Sep 29 2006
BOSTON (Reuters) – Private tutors are a luxury many American families cannot afford, costing anywhere between $25 to $100 an hour. But California mother Denise Robison found one online for $2.50 an hour — in India.
“It’s made the biggest difference. My daughter is literally at the top of every single one of her classes and she has never done that before,” said Robison, a single mother from Modesto.
Her 13-year-old daughter, Taylor, is one of 1,100 Americans enrolled in Bangalore-based TutorVista, which launched U.S. services last November with a staff of 150 “e-tutors” mostly in India with a fee of $100 a month for unlimited hours.
Taylor took two-hour sessions each day for five days a week in math and English — a cost that tallies to $2.50 an hour, a fraction of the $40 an hour charged by U.S.-based online tutors such as market leader Tutor.com that draw on North American teachers, or the usual $100 an hour for face-to-face sessions.
“I like to tell people I did private tutoring every day for the cost of a fast-food meal or a Starbucks’ coffee,” Robison said. “We did our own form of summer school all summer.”
The outsourcing trend that fueled a boom in Asian call centers staffed by educated, low-paid workers manning phones around the clock for U.S. banks and other industries is moving fast into an area at the heart of U.S. culture: education.
It comes at a difficult time for the U.S. education system: only two-thirds of teenagers graduate from high school, a proportion that slides to 50 percent for black Americans and Hispanics, according to government statistics.
China and India, meanwhile, are producing the world’s largest number of science and engineering graduates — at least five times as many as in the United States, where the number has fallen since the early 1980s.
Parents using schools like Taylor’s say they are doing whatever they can to give children an edge that can lead to better marks, better colleges and a better future, even if it comes with an Indian accent about 9,000 miles away.
SLANG & AMERICAN ACCENTS
“We’ve changed the paradigm of tutoring,” said Krishnan Ganesh, founder and chairman of TutorVista, which offers subjects ranging from grammar to geometry for children as young as 6 years old to adults in college.
“It’s not that the U.S. education system is not good. It’s just that it’s impossible to give personalized education at an affordable cost unless you use technology, unless you use the Internet and unless you can use lower-cost job centers like India,” he said over a crackly Internet-phone line from Bangalore. “We can deliver that.”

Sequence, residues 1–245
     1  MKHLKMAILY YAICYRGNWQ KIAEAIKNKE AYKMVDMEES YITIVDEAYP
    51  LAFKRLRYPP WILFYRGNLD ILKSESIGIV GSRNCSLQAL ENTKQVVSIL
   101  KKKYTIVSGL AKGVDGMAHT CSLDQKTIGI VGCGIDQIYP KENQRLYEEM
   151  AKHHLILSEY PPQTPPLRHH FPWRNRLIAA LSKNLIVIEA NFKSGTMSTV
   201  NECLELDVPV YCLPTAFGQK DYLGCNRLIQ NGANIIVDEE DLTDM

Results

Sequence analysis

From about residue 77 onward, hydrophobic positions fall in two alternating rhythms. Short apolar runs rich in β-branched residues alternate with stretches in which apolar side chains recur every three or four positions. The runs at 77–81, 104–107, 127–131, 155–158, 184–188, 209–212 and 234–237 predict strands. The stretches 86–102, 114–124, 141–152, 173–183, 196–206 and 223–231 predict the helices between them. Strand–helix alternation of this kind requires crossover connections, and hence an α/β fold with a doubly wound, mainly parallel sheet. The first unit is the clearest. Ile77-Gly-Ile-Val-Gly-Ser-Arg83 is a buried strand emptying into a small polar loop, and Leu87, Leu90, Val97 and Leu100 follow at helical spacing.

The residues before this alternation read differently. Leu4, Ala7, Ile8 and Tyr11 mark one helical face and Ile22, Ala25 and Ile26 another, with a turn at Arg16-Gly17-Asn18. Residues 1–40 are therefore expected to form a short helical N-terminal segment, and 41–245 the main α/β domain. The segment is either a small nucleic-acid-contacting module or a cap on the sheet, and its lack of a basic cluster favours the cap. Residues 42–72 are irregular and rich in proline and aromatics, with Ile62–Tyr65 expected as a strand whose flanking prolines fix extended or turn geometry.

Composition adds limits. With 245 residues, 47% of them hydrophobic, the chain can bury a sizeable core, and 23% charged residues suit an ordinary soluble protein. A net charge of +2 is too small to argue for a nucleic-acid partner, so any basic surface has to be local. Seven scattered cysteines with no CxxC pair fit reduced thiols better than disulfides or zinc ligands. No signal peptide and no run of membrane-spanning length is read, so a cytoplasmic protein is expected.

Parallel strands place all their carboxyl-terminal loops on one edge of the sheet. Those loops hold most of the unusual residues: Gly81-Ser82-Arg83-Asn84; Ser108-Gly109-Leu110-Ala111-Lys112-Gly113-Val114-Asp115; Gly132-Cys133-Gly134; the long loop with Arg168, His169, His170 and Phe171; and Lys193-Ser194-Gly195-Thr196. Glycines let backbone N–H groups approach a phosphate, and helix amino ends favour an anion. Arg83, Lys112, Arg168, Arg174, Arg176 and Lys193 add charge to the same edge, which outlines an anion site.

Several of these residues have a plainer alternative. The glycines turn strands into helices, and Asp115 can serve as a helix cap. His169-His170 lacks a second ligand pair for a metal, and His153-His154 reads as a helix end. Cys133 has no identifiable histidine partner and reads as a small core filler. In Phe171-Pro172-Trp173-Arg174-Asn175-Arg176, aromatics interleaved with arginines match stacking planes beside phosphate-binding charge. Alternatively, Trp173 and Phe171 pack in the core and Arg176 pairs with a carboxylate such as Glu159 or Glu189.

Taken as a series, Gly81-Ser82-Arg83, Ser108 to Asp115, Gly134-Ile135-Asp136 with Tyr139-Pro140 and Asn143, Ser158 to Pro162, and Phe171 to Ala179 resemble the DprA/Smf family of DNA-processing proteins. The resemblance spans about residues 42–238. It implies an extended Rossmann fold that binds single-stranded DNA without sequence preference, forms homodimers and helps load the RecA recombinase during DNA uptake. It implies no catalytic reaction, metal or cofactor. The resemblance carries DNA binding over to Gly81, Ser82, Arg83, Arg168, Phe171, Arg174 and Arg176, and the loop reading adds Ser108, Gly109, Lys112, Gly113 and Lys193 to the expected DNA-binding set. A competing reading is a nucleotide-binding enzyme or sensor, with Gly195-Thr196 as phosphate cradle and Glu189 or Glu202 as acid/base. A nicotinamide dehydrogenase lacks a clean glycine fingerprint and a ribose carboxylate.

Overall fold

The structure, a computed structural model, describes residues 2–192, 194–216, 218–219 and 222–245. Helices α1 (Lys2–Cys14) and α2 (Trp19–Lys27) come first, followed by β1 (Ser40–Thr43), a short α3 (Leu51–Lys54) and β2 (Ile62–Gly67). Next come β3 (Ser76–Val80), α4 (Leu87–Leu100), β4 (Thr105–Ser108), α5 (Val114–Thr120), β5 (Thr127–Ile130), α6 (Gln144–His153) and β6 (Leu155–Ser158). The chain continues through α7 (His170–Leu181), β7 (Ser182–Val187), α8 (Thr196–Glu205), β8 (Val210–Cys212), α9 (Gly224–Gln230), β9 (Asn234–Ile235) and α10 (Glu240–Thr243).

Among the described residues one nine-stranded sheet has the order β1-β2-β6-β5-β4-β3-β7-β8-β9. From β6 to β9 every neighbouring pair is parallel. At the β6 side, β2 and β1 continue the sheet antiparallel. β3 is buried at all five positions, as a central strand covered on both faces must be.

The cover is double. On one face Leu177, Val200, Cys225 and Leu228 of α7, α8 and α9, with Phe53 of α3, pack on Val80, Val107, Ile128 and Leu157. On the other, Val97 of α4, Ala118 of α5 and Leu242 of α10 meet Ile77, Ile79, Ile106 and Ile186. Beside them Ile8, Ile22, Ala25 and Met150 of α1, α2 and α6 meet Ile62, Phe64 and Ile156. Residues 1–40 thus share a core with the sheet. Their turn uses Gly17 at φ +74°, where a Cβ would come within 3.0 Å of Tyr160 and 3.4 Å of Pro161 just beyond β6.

Many of the tutors have masters degrees in their subjects, said Ganesh. On average, they have taught for 10 years. Each undergoes 60 hours of training, including lessons on how to speak in a U.S. accent and how to decipher American slang.
They are schooled on U.S. history and state curricula, and work in mini-call centers or from their homes across India. One operates out of Hong Kong, teaching the Chinese language.
As with other Indian e-tutoring firms such as Growing Stars Inc., students log on to TutorVista’s Web site and are assigned lessons by tutors who communicate using voice-over-Internet technology and an instant messaging window. They share a simulated whiteboard on their computers.
Denise Robison said Taylor had trouble understanding her tutor’s accent at first. “Now that she is used to it, it doesn’t bother her at all,” she said.
TutorVista launched a British service in August and Ganesh said he plans to expand into China in December to tap demand for English lessons from China’s booming middle class. In 2007, he plans to launch Spanish-language lessons and build on Chinese and French lessons already offered.
A New Delhi tutoring company, Educomp Solutions Ltd., estimates the U.S. tutoring market at $8 billion and growing. Online companies, both from the United States and India, are looking to tap millions of dollars available to firms under the U.S. No Child Left Behind Act for remedial tutoring.
Teachers unions hope to stop that from happening.
“Tutoring providers must keep in frequent touch with not only parents but classroom teachers and we believe there is greater difficulty in an offshore tutor doing that,” said Nancy Van Meter, a director at the American Federation of Teachers.
But No Child Left Behind, a signature Bush administration policy, encourages competition among tutoring agencies and leaves the door open for offshore tutors, said Diane Stark Rentner of the Center on Education Policy in Washington.
“The big test is whether the kids are actually learning. Until you answer that, I don’t know if you can pass judgment on whether this is a good or bad way to go,” she said.